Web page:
Energy is neither created nor destroyed
there is no such thing as a bad question
Hey. My name is Amelia. 18 times around the sun, from The sf bay area. Listening to peoples stories and good music is my fave. Talk to me anytime!
Posted on 23rd Apr at 4:36 PM, with 84,866 notes




All she did was ask what his name was

i really dont think enough people have seen this 


Tagged: #lmao, #v,
Posted on 22nd Apr at 10:23 PM, with 48,053 notes

This account gives me life
View high resolution


This account gives me life

Posted on 22nd Apr at 10:22 PM, with 1,672 notes


do u think aggressive white athiests can ever understand that for many people of color not only our belief in a deity but also our organized religious spaces are essential sources of comfort and strength when facing the institutionalized and cultural racism thrown at us every day?

that abandoning our faith would mean assimilating into a culture that actively dehumanizes us?

spoiler alert:  no

Tagged: #important,
Posted on 22nd Apr at 10:20 PM, with 61,472 notes
"If kids can’t socialize, who should parents blame? Simple: They should blame themselves. This is the argument advanced in It’s Complicated: The Social Lives of Networked Teens, by Microsoft researcher Danah Boyd. Boyd—full disclosure, a friend of mine—has spent a decade interviewing hundreds of teens about their online lives.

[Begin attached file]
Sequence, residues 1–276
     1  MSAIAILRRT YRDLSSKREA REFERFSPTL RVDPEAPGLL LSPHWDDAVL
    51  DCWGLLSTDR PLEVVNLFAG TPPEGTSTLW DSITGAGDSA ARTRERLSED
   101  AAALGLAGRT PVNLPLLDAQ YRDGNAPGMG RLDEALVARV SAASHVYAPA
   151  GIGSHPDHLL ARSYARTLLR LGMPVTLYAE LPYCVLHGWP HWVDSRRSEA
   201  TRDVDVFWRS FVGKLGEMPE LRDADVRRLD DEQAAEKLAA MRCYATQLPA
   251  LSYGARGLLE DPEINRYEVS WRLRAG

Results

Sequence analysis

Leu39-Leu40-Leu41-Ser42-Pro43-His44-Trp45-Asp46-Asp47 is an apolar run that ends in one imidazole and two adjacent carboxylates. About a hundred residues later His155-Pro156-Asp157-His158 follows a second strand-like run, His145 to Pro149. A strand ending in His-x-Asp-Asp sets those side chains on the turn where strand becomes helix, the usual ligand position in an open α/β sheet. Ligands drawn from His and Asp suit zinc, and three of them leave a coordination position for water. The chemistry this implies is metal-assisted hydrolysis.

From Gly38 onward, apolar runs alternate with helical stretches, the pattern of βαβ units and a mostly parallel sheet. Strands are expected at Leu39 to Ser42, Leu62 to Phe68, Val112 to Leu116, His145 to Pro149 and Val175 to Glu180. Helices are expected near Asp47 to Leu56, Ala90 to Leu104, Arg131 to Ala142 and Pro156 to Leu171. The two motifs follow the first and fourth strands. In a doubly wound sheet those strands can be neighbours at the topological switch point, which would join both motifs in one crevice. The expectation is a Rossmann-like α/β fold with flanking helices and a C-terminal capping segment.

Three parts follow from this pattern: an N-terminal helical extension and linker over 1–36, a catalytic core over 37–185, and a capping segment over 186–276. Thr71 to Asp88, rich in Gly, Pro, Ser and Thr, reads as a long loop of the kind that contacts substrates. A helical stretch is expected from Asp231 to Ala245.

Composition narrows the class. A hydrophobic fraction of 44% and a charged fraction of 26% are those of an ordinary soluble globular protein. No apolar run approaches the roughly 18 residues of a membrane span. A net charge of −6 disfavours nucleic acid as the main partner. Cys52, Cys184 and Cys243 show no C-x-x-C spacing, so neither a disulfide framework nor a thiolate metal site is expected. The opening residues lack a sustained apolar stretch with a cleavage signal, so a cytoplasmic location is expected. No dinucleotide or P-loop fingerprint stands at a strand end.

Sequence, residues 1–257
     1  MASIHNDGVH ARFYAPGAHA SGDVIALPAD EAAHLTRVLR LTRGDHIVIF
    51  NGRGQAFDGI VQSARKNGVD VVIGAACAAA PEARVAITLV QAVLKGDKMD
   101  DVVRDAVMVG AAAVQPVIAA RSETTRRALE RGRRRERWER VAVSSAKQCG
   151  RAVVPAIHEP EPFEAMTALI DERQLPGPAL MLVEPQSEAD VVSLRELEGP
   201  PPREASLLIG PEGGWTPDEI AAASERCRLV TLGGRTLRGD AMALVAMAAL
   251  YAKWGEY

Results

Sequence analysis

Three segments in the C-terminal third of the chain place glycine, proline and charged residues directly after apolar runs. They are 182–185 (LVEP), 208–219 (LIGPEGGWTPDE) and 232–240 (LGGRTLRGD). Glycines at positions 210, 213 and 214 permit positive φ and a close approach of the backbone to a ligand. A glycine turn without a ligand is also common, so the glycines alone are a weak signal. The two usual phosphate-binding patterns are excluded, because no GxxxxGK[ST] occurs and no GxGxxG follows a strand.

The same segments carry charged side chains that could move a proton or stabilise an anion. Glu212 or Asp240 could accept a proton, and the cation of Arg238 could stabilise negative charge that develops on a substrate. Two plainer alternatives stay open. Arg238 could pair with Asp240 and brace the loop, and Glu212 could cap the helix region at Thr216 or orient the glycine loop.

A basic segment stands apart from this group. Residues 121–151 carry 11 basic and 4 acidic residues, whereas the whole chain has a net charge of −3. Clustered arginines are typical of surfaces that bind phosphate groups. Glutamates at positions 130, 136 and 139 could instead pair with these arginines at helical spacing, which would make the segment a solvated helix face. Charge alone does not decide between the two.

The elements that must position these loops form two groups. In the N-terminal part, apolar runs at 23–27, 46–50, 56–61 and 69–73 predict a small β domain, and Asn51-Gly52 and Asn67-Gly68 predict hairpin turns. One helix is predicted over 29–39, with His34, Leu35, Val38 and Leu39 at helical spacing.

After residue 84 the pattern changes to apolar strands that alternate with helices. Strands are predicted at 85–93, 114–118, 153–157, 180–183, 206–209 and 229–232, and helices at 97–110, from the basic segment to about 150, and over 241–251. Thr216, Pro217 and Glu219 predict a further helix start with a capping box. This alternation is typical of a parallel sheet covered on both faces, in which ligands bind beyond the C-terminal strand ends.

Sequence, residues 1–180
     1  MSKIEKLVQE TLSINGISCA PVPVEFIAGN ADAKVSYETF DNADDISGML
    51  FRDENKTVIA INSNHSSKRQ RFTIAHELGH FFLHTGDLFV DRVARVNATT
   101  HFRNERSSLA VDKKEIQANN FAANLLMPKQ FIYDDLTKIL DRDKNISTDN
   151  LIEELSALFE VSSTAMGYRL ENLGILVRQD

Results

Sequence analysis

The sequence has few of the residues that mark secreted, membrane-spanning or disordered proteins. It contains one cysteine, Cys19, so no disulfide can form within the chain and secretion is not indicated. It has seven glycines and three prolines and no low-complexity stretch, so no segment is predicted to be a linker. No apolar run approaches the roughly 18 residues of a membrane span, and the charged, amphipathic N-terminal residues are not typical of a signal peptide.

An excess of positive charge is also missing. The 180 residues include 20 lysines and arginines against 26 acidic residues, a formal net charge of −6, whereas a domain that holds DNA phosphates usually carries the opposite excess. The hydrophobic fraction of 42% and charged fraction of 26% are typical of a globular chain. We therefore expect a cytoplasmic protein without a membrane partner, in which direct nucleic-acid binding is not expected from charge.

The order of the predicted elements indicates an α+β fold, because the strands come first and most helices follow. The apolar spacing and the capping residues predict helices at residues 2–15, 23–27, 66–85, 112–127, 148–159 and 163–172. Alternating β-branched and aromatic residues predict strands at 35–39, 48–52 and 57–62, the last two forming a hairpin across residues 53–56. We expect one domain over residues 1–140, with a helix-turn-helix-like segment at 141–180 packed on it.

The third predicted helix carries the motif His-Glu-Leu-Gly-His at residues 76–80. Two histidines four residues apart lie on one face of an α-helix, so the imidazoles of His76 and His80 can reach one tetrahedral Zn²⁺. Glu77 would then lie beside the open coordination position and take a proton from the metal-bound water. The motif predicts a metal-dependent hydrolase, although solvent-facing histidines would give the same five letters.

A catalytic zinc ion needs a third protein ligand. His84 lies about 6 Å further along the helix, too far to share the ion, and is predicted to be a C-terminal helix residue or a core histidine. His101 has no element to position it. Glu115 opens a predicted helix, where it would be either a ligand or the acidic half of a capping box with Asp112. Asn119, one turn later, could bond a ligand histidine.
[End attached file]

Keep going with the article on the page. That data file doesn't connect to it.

What she has found, over and over, is that teenagers would love to socialize face-to-face with their friends. But adult society won’t let them. “Teens aren’t addicted to social media. They’re addicted to each other,” Boyd says. “They’re not allowed to hang out the way you and I did, so they’ve moved it online.”

It’s true. As a teenager in the early ’80s I could roam pretty widely with my friends, as long as we were back by dark. But over the next three decades, the media began delivering a metronomic diet of horrifying but rare child-abduction stories, and parents shortened the leash on their kids. Politicians warned of incipient waves of youth wilding and superpredators (neither of which emerged). Municipalities crafted anti-loitering laws and curfews to keep young people from congregating alone. New neighborhoods had fewer public spaces. Crime rates plummeted, but moral panic soared. Meanwhile, increased competition to get into college meant well-off parents began heavily scheduling their kids’ after-school lives.

The result, Boyd discovered, is that today’s teens have neither the time nor the freedom to hang out. So their avid migration to social media is a rational response to a crazy situation. They’d rather socialize F2F, so long as it’s unstructured and away from grown-ups. “I don’t care where,” one told Boyd wistfully, “just not home.”"

Don’t Blame Social Media if Your Teen Is Unsocial. It’s Your Fault | Wired Opinion | (via brutereason)

And also everything is expensive. There’s nowhere to go for cheap thrills.

(via ceborgia)

Posted on 20th Apr at 11:25 PM, with 310,683 notes

me and my friend arriving at an all you can eat buffet 


me and my friend arriving at an all you can eat buffet 

Posted on 19th Apr at 1:59 PM, with 60,756 notes

"So do you sell drugs?" "No I’m only five"
View high resolution


"So do you sell drugs?" "No I’m only five"

00:00 AM